What are the Colors Parrots Can See & Humans Can't?

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Of the five senses, a parrot's eyesight is his most acute sense. He will see all the same colors humans see, but with greater vividness and a more stark differentiation between similar colors. He can see colors in the ultraviolet spectrum that humans cannot, very similar to a human using a black light in a dark room.

The Eyes Have It

To understand how vividly colors appear to parrots, it's important to understand the differences between a parrot's eye and that of a human. In the human retina, three types of cone cells act as color receptors for red, green and blue objects. A bird's retina contains a fourth type of cone cell for detecting ultraviolet light. Each cone cell has a drop of colored oil that enhances the colors a parrot sees, and acts as a lens to create better differentiation between colors. For example, yellow oil will remove blue background colors, allowing more contrast between an object and the blue sky. Red oil removes green from background colors, enhancing contrast between objects and trees or bushes.

The Mating Game

Some species of birds look sexually monochromatic to the human eye, meaning it is difficult for us to differentiate visually between the males and females of the species. This is especially true with many parrot species. To the parrots, though, males and females look remarkably different from each other. A Swedish study at the University of Gothenburg revealed great differences in ultraviolet coloring among what appear to be sexually monochromatic birds. Males possessed reflective patches of feathers that could not be seen by the naked human eye, but when viewed through a special device, the difference in coloration was remarkable. Staffan Andersson, a professor of animal ecology at the university, found that females strongly preferred males with the brightest reflective feather patches.

Color and Baby Food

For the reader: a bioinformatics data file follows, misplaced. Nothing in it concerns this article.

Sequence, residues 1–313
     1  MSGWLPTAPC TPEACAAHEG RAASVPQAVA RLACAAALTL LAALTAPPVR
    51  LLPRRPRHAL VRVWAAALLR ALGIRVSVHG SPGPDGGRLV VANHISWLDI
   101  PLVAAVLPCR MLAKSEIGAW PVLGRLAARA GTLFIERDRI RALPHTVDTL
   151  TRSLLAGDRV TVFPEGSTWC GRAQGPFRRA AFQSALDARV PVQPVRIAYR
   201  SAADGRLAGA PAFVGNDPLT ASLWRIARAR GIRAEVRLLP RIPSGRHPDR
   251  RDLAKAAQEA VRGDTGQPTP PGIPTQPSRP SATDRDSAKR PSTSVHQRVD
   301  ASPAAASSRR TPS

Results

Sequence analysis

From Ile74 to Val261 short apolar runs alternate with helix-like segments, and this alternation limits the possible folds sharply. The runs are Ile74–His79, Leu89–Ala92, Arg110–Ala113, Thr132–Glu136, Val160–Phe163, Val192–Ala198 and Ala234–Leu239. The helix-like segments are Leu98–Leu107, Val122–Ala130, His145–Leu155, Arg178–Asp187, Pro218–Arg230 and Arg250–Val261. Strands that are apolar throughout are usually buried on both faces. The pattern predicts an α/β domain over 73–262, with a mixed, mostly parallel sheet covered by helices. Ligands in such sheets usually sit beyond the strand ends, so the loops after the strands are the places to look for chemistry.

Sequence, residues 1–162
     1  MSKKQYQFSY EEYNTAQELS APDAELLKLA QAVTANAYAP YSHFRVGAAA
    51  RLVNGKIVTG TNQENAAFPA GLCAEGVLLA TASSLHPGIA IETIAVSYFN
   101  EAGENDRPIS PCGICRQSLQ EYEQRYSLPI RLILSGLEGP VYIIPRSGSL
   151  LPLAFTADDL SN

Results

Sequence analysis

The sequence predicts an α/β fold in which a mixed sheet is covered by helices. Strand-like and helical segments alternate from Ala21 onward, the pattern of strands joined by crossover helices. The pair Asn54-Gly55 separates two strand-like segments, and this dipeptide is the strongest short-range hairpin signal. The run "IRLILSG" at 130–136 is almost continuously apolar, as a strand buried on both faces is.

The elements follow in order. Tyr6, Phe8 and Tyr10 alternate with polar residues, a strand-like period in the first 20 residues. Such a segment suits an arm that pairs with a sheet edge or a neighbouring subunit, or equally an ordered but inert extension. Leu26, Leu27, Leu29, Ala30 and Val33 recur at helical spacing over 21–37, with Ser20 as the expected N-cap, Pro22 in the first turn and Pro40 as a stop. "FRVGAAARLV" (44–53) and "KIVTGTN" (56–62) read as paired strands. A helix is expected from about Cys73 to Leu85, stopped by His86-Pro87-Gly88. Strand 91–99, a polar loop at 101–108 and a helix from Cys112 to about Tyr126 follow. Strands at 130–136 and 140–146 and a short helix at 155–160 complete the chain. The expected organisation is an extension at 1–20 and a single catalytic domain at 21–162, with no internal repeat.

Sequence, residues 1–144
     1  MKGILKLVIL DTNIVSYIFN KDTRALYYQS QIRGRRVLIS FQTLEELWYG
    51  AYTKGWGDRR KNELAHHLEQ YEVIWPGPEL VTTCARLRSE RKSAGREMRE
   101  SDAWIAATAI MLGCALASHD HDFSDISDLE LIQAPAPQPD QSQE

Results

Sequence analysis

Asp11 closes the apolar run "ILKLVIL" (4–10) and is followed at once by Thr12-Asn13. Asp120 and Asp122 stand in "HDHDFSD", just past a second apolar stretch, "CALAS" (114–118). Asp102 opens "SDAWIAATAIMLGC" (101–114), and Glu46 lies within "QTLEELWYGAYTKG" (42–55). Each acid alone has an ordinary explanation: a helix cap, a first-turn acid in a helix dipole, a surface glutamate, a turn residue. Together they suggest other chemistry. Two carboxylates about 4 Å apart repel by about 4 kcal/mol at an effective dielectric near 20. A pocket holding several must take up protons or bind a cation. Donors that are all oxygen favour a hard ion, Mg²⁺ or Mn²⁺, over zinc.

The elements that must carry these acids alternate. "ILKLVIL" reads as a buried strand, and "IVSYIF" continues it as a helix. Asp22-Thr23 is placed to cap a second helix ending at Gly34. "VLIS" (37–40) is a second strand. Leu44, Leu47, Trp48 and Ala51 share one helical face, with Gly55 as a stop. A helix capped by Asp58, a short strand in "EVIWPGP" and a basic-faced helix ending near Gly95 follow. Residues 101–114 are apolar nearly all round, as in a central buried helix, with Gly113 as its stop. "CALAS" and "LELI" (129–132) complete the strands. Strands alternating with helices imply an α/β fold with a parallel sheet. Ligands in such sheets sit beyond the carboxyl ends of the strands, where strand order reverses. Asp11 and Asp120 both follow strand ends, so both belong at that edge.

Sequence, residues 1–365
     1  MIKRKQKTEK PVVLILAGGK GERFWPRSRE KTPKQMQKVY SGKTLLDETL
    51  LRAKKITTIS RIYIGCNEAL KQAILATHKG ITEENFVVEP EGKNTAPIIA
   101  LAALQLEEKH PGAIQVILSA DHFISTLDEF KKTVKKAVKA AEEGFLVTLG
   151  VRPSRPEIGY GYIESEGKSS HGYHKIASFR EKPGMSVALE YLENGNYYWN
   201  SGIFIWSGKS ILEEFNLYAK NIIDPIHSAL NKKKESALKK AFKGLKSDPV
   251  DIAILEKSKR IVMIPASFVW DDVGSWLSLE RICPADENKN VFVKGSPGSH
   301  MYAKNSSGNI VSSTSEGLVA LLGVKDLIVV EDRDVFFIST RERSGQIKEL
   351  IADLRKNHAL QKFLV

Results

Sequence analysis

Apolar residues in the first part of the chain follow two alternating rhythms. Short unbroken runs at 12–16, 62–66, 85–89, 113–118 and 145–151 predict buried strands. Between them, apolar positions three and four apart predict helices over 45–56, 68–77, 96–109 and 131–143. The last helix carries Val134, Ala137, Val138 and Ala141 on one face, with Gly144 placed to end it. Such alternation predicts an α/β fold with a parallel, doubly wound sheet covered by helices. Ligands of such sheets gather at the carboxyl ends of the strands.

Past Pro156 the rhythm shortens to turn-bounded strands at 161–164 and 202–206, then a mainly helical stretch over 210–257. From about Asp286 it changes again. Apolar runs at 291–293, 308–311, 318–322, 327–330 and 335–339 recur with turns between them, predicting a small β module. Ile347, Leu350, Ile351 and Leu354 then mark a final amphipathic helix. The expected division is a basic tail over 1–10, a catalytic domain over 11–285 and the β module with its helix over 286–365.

A Spanish study from 2007 revealed a group of baby birds had reflective patches of feathers on their foreheads that would exhibit a brighter reflection of ultraviolet colors when they were smaller or lighter weight than their siblings. Heavier chicks had duller, less vibrant patches. Parent birds would feed the chicks with the brighter ultraviolet patches first. Scientists involved in the study applied a sunblock-type lotion to some of the chicks, essentially dimming the ultraviolet coloration to the parents. Those chicks gained less weight than the unblocked chicks, implying they received less food because they failed to visually communicate their nutritional state to their parents. Other types of baby birds had vibrant ultraviolet coloring around their beaks. Such discoveries have led scientists to believe birds are able to communicate their hunger to their parents through visual cues using color.

Visual Cues for Foraging

Many insects that birds prey upon have body coatings that reflect ultraviolet light. In addition to the more noticeable color contrast birds detect between bright berries and fruits and the green canopy of the trees, those fruits, berries and seeds develop a waxy coating that reflects ultraviolet light, making them easier for birds to locate. A parrot can peer into his food bowl and gravitate toward the tidbits that appear brighter and more colorful, even though those same morsels might appear fairly mundane to humans. Birds have a knack for associating certain colors in the ultraviolet spectrum with tasty treats.

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